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Expats Working in Canada

Author: Jim Newham
Submitted: January 2014

Permission to Work

There are two routes towards working and living in Canada. First, if you have at least a year’s experience in one of the current positions in demand in Canada, you can apply for the Federal Skilled Worker Scheme, or one of the other schemes that are available. If successful, you will be able to immigrate into Canada without finding a job first. For a list of positions currently in demand, see this page:

https://www.workingin-canada.com/visa/skills-in-demand/occupations-in-demand#.Ut5GjPvLeM8

Otherwise, you will need to have secured a position before you can be considered for a visa. There are many different kinds of work visa. It will help greatly if you have ability in one of the above industrial sectors that are in shortage in Canada.

Non-residents usually require a work permit to do temporary and permanent work in Canada. The first stage of the process is to gain a firm offer of employment from a company or other organisation in Canada. For most positions, your prospective employer will then need to obtain a favourable labour market opinion (LMO) from Human Resources & Skills Development Canada. The ‘opinion’ is basically an assessment of whether there are people locally available who could do the job in your place and whether you will provide economic benefit if you take up the position. Some people do not need an LMO, as shown here:

https://www.cic.gc.ca/english/work/apply-who-permit.asp

If you want to go on secondment from your company to a branch in Canada, the procedure is simpler as no LMO will be required. For jobs that are exempt from obtaining an LMO, you may be allowed to apply for a work permit on entering Canada.

Citizens of fellow North American Free Trade Agreement (NAFTA) signatory states, the USA and Mexico, similarly do not need an LMO to get a job. Canada also has free trade agreements with Chile and Peru, so citizens of these countries are likewise exempt from the LMO procedure.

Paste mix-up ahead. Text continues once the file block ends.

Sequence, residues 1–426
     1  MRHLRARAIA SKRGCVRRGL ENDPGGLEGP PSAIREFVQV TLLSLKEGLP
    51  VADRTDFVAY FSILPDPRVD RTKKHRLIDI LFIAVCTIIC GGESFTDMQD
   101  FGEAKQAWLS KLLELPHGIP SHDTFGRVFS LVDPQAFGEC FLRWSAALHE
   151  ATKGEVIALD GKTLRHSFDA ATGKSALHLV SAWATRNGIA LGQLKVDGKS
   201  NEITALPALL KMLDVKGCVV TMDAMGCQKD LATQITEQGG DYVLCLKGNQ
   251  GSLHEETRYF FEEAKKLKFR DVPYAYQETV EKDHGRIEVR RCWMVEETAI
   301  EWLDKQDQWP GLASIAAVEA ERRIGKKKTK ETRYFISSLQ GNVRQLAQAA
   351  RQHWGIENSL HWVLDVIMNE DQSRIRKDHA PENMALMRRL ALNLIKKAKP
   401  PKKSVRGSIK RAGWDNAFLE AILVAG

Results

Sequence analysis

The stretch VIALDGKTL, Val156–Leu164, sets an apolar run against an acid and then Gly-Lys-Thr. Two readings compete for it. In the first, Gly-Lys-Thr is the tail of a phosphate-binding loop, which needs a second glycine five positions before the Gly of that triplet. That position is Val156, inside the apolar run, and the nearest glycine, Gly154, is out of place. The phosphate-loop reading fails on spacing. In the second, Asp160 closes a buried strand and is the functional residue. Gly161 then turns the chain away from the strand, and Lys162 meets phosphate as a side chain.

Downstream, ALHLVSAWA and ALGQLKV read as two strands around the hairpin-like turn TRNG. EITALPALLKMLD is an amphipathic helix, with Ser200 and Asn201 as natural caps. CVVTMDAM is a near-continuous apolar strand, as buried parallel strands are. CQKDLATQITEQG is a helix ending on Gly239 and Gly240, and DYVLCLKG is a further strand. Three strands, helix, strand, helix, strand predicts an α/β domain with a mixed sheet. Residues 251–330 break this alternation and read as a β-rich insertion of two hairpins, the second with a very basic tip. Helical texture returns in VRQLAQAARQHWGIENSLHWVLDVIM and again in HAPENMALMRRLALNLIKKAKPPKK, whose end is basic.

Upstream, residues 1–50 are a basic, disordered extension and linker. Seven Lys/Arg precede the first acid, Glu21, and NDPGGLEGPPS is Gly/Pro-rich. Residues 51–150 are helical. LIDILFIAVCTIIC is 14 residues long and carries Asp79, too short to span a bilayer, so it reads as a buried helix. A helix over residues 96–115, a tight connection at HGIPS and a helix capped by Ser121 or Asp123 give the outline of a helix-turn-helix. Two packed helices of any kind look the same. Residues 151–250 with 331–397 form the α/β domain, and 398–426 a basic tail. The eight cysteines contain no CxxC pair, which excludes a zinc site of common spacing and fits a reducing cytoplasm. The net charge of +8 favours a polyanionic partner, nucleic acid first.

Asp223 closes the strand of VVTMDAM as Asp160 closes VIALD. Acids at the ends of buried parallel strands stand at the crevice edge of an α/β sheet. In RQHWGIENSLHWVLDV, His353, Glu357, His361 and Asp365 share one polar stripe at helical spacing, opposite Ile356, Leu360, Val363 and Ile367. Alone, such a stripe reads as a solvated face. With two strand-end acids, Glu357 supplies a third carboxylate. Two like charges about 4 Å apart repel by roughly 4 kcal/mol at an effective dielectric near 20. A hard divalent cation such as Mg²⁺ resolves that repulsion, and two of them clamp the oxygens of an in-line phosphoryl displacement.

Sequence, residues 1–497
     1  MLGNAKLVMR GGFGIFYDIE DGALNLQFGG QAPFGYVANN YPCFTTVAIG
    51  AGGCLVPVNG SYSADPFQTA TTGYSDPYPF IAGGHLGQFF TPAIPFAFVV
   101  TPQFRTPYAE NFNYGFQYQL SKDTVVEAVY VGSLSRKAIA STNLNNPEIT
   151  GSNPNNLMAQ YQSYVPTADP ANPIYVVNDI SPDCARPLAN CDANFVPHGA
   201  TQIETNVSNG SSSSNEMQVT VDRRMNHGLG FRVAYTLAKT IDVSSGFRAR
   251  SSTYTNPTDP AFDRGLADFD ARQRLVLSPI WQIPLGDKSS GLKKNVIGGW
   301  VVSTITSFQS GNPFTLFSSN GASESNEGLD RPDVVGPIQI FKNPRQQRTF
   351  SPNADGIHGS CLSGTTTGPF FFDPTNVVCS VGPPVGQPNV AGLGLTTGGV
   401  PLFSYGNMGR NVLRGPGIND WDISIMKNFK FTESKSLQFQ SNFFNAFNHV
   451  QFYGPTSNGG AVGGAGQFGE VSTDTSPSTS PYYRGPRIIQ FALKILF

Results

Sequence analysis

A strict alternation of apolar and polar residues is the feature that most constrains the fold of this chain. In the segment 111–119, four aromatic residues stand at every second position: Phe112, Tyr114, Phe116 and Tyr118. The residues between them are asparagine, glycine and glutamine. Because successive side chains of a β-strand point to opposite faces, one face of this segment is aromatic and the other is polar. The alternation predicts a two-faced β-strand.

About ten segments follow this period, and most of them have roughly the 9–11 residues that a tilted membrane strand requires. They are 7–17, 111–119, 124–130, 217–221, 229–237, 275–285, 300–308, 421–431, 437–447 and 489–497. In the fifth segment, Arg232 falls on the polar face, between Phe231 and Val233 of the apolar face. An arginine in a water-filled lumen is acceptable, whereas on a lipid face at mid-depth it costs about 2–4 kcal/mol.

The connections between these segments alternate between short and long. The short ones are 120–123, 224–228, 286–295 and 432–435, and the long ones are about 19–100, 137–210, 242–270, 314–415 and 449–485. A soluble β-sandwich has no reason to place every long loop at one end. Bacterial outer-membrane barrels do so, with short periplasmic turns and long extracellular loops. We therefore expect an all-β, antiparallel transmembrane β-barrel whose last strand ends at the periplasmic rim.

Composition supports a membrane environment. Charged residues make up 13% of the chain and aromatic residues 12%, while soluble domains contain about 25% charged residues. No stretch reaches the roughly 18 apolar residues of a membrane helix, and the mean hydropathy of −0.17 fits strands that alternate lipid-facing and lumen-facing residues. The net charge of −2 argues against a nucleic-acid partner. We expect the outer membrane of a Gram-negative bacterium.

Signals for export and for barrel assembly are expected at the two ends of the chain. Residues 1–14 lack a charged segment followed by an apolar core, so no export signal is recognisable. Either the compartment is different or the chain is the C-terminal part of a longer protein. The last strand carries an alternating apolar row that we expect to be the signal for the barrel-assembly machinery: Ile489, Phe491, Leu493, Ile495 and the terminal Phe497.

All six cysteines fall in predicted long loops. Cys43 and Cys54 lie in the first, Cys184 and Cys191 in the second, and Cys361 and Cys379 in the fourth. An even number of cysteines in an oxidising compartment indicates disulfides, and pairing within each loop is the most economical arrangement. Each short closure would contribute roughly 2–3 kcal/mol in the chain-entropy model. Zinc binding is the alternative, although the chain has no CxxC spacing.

Before you can apply for a work permit, you may also need to have secured a resident visa, such as a temporary resident visa. (This depends on your home country; see ‘Visas and Passports’ for more details.) You will also need to meet any other immigration criteria that apply in your case.

Once you have done so, you need to apply for a work permit at your nearest Canadian Embassy, Consulate or High Commission. The work permit is specific to the applicant only. If your spouse or dependants want to work, they must each apply for work permit separately. This applies when you have a work permit too. Note further that work permits are issued for specific jobs: holding a work permit for does not entitle you to work in any sector you like. Hence you will also need a work permit if you are already resident in Canada and want to change jobs.

 

Conditions

Working conditions in Canada are generally good – better than those found in the USA, yet not quite as good as those in many other Western countries. There are federal labour guarantees in place, which are often topped up by further provincial rights; these can differ quite substantially.

The Canadian Labour Program offers a fair amount of protection to employees. The guaranteed minimum of annual leave is two weeks (ten working days); long-term employees accrue more leave according to the length of their service. In addition to this, there are ten national public holidays (known locally as ‘statutory holidays’) and additional ones that vary according to province. As a rule, maternity and paternity leave are unpaid, though individual contracts may provide for paid maternity leave.

Pay can be a little lower than in some other countries, though you should also consider the high quality of life that Canada has. Cities such as Vancouver and Toronto regularly appear in the top ten of charts of the best places to live in the world. There are also statutory minimum wage levels and guarantees of equality of pay.

The working week is set at 35 or 40 hours, with a normal maximum of 48 hours a week. Canada is committed to equal opportunities for all, a policy that is generally reflected well in the workplace. However, as anywhere, there are minor cases of discrimination. Should you feel you have been discriminated against, you should be able to find representatives who are very sympathetic to your case.

This page gives details on the working conditions, and immigration procedures necessary to obtain work in Canada. For more information on working in Canada, see our Employment and Business articles.

 

 

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